First of all, thank you so much for visiting my blog. This blog is specially made for tea culture lovers out there. There will be information and discussions about tea and tea pots... So do drop by often to have a nice and relaxing discussion about tea... I believe we can make great friends through tea and sharings... If you have any suggestions, comments or questions, do post it here and I will try my best to get back to you... Thank you and have a nice day...

Wednesday, March 28, 2007

Basic Materials

Teapots made form purple clay "紫沙" has always been a favourite of mine... Purple clay teapot is mainly manufactured in Yi Xing, China.

Purple clay is the basic material used to make these marvelous teapots. Purple clay can be produced by mixing a few types of clay together. The colour of the purple clay teapot will depend on the types of clay used, the porportion and the temperature used when making the teapot.

What is so special about these purple clay teapot?
1) Enhances the aroma and taste of tea
Due to porous nature of the clay and the teapot produced, it is very suitable to be used for brewing compressed tea (Pu-er). Due to its porous nature of the clay and the teapot produced, it can absorb the unpleasant taste and smell of the tea (Pu-er) when brewed. Furthermore, the characteristic of these kind of pot is that it able to distribute heat evenly and it is good in retaining heat... Not only that, when you use them to brew tea, its porous nature will enable it to absorb some taste and smell so that subsequent brews will taste better and better. All these are important for brewing a good pot of compressed tea (Pu-er).

2) Durable
Purple clay teapot is durable as it will not crack with changes in temperature when you add hot water into it. It will not crack easily.

3) Collectable
The looks of purple clay teapot will improve with age and use. The more and longer you use it to brew tea, the more smooth and shiny the teapot will be.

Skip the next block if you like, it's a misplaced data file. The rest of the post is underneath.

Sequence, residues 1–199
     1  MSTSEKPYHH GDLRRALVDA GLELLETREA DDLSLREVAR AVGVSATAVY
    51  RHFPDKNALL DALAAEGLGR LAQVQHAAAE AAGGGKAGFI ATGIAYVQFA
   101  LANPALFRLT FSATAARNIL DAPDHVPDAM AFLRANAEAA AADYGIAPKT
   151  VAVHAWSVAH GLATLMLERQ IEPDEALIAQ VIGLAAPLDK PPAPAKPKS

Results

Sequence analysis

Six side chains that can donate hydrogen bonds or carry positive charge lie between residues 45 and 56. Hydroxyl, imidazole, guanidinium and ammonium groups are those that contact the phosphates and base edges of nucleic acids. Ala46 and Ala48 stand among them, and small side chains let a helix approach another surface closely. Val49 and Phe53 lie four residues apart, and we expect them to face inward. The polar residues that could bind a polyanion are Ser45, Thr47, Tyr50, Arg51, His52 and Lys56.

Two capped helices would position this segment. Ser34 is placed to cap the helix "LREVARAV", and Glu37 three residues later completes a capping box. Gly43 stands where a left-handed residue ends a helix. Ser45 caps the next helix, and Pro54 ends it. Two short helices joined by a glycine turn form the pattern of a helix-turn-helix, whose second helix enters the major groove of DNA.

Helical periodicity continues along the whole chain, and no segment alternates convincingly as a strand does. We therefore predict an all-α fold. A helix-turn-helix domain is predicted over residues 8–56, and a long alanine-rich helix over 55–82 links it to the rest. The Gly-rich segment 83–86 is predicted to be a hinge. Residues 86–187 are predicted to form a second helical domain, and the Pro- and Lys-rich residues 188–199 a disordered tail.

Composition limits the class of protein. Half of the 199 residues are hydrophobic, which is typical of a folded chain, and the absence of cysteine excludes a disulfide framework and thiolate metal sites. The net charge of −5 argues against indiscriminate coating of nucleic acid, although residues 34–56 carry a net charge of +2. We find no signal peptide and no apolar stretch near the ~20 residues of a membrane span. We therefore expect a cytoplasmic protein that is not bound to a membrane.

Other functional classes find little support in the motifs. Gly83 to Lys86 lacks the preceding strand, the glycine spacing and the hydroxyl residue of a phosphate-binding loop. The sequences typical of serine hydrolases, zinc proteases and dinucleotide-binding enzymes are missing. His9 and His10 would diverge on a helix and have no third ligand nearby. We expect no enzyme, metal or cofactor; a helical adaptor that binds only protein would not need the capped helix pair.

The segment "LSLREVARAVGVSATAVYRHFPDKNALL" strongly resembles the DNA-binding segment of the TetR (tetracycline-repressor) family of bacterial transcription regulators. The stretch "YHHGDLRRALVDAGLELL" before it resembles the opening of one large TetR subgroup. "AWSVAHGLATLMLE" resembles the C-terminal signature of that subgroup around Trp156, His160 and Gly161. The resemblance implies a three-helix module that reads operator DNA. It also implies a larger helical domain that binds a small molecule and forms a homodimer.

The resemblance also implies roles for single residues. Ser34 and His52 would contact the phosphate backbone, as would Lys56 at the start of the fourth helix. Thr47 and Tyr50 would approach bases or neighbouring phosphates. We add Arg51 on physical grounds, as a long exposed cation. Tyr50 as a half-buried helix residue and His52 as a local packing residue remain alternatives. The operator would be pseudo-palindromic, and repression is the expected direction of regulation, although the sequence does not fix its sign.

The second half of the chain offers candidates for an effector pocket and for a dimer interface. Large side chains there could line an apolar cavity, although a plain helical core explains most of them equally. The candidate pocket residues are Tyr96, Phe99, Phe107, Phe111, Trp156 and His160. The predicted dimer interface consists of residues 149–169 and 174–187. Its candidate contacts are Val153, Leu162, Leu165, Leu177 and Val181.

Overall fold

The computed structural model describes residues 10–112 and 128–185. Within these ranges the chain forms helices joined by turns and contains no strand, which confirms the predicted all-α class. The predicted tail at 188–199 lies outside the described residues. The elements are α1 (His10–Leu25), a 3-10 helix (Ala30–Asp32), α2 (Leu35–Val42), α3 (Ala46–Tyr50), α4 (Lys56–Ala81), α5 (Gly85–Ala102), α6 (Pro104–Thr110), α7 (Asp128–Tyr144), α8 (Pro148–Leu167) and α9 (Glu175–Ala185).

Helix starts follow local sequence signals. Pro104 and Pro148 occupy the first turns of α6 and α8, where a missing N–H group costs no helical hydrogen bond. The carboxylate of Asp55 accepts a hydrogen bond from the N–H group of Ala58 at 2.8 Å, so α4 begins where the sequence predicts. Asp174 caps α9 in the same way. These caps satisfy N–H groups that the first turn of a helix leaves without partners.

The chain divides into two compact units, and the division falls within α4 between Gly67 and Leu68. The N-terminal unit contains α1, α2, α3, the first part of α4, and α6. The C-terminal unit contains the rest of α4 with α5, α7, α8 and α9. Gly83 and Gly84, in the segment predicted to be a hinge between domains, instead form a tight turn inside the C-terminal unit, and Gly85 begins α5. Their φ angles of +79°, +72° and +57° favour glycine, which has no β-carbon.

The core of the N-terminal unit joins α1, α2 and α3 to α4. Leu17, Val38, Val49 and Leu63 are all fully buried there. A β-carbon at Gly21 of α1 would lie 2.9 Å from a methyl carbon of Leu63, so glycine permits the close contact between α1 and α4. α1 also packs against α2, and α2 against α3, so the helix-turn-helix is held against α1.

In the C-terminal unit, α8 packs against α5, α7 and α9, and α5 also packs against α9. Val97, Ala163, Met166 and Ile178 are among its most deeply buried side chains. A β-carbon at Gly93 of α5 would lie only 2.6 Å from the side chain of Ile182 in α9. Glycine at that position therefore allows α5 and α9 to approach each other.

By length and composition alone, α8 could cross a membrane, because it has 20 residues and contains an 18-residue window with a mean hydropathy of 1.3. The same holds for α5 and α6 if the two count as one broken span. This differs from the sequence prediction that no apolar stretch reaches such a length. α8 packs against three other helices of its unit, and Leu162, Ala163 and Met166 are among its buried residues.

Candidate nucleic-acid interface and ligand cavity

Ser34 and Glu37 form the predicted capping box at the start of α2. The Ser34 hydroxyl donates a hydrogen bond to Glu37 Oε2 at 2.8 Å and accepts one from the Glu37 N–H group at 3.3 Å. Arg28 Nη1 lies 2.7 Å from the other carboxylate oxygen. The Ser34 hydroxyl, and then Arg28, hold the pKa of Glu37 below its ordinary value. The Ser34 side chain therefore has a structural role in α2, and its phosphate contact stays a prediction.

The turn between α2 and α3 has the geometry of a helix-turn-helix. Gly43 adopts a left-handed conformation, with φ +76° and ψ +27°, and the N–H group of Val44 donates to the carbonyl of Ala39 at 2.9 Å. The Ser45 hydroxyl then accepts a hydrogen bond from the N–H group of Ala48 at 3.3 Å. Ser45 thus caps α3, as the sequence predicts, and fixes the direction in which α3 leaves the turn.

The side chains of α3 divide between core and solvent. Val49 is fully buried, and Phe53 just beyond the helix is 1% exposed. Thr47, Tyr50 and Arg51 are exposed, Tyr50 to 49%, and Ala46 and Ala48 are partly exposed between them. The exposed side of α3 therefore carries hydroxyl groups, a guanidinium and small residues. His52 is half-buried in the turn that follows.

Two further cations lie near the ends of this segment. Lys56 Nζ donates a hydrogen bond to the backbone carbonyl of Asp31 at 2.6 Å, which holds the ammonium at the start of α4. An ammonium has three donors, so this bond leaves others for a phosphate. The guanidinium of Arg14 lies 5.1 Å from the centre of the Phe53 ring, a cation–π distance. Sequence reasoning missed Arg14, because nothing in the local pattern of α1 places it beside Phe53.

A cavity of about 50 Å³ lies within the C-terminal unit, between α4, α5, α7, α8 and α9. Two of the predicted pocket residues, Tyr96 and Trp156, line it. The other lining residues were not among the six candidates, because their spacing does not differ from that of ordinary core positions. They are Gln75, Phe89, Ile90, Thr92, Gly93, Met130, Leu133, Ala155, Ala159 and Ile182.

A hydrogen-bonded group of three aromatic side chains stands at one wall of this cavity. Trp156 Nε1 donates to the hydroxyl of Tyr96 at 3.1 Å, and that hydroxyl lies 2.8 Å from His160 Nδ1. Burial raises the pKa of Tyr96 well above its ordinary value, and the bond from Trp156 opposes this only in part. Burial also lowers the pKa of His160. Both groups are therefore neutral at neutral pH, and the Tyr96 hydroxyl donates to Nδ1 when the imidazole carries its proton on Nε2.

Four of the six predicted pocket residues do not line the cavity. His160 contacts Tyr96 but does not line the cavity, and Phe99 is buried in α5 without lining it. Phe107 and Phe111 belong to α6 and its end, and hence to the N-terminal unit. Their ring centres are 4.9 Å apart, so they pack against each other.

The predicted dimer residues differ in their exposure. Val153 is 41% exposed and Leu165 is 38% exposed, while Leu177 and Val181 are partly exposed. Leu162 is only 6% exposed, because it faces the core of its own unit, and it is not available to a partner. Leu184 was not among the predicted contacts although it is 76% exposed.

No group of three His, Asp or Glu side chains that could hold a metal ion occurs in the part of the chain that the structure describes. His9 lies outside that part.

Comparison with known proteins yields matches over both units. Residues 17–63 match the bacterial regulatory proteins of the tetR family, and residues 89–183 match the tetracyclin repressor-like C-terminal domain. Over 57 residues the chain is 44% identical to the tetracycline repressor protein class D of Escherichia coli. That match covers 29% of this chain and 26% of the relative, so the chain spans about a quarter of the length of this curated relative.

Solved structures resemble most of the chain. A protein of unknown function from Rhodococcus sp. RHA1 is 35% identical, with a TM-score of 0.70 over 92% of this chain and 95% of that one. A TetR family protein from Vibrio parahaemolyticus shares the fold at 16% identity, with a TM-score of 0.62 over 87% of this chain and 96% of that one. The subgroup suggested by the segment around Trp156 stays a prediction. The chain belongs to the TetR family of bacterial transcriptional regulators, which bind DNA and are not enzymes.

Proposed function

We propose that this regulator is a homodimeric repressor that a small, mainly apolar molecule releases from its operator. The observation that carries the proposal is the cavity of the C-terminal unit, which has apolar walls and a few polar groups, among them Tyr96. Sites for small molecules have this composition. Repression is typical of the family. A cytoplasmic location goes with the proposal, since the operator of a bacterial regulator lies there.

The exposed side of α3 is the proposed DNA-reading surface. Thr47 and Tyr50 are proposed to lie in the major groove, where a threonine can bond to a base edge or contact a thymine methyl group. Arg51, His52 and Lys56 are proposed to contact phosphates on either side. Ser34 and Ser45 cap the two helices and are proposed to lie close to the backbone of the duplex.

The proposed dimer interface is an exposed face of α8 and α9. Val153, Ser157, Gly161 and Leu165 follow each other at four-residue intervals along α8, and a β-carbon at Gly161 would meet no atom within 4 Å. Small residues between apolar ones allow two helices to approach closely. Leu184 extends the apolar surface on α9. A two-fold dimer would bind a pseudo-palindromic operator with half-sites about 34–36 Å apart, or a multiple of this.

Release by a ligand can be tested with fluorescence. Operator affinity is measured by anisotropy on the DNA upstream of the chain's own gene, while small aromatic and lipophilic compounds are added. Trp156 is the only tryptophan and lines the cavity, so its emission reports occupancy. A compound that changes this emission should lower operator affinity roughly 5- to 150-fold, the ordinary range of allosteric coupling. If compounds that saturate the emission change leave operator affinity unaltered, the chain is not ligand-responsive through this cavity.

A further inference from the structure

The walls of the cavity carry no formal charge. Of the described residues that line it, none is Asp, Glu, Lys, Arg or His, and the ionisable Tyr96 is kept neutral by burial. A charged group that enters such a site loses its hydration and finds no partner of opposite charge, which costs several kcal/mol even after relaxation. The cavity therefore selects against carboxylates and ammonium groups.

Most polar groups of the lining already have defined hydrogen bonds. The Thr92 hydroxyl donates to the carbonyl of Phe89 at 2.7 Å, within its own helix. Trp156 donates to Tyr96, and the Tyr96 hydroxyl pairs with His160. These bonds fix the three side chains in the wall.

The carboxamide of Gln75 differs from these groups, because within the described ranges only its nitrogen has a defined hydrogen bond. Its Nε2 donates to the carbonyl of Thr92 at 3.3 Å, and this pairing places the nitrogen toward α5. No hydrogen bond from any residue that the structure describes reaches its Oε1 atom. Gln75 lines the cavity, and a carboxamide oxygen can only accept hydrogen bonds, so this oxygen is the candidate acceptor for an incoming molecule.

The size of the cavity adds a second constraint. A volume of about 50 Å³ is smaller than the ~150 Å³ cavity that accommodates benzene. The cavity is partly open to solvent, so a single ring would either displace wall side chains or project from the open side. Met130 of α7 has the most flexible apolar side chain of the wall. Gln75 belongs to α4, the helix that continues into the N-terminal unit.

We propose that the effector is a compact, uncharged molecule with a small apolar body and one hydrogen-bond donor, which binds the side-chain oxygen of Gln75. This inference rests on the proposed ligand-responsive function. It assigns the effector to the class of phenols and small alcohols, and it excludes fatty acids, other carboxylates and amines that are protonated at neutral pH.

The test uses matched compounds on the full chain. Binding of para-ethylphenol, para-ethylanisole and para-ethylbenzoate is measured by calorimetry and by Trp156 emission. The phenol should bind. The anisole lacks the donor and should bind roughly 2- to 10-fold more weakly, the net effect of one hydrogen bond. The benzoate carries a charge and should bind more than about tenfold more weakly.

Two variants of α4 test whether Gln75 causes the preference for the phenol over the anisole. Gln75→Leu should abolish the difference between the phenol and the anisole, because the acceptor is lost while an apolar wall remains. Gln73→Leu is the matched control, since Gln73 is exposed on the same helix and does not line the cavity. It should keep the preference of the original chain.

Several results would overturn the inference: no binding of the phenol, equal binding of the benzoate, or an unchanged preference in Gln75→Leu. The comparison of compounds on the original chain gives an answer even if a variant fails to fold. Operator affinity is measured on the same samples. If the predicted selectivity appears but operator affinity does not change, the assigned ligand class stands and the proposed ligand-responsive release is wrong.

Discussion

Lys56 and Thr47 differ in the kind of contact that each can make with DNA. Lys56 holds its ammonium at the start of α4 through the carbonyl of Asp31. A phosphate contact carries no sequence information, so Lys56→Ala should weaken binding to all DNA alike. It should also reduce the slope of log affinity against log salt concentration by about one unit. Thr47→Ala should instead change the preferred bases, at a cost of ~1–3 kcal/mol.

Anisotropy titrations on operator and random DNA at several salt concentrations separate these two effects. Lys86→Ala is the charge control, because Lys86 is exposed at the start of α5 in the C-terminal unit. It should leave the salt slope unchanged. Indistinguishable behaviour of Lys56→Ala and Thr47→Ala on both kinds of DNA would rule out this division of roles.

These teapots come in different shapes and colours, more on these will be coming soon...

The method used to take care and enhance the look of these teapots will be discussed further in future postings...

Tuesday, March 27, 2007

How to brew green tea

How to brew a good pot of green tea?

Utensil picking:
Green tea such as "Long Jing" "龍井" has a very special kind of taste and smell which is very mild and soft. In order to preserve the taste and smell of such tea, we would normally use pots made of ceramic, porcelain or glass. Purple clay pots are not that suitable.

Normally 3g of tea leaves are used to brew 200ml of tea.

Green tea are normally made and kept in a very fresh form to preserve the vitamins, antioxidants and taste. So when brewing such tea, it is very important that we do not use boiling hot water. Water with the temperature of around 80C is best.

First, choose your selection of tea pot and pitcher. It is very important to use a pitcher or another tea pot because you should never soak the tea leaves in the water for too long..

After getting ready the utensils, put your tea leaves into the tea pot. Pour the heated water into the tea pot and after a few seconds, quickly pour the tea into a pitcher or another tea pot. Try not to soak or use water that is too hot when brewing the tea because you will loose the nutrients and spoil the taste.. If you soak for too long or use water that is too hot, the tea will taste bitter. When brewing green tea, especially the very fresh ones, the first brew can be consumed. The process of washing the leaves can be omitted. Once you pour the tea into the pitcher, it is ready to be consumed.

You can make the second brew by adding water to the tea and pouring it into the pitcher. You can enjoy three up to the maximum of four brews. Do not make more than four brews.

Points to remember when brewing green tea:
1) Do not use boiling hot water.
2) Do not soak the leaves.
3) It is not necessary to wash the leaves.
4) Do not make more than 4 brews.

Monday, March 26, 2007

Long Jing (How to choose?)

There are several types of green tea in the market... But our posting today will be about "Long Jing" “龍井“ , one of the special type of green tea...

"Xi Hu" "西湖" in China is famous for two things, their spring water and Long Jing... And the Long Jing from Xi Hu is the considered to be the best of all Long Jings... On top of that, Long Jing harvested before "Qing Ming" "清明" is considered the best of the whole year... Because it is harvested before Qing Ming, it is called "Ming Qian Cha" "明前茶" or tea before Qing Ming...

How do we choose high quality Long Jing?
1) Area and season:
Long Jing from Xi Hu and just before Qing Ming is the best.

2) Tea Leaves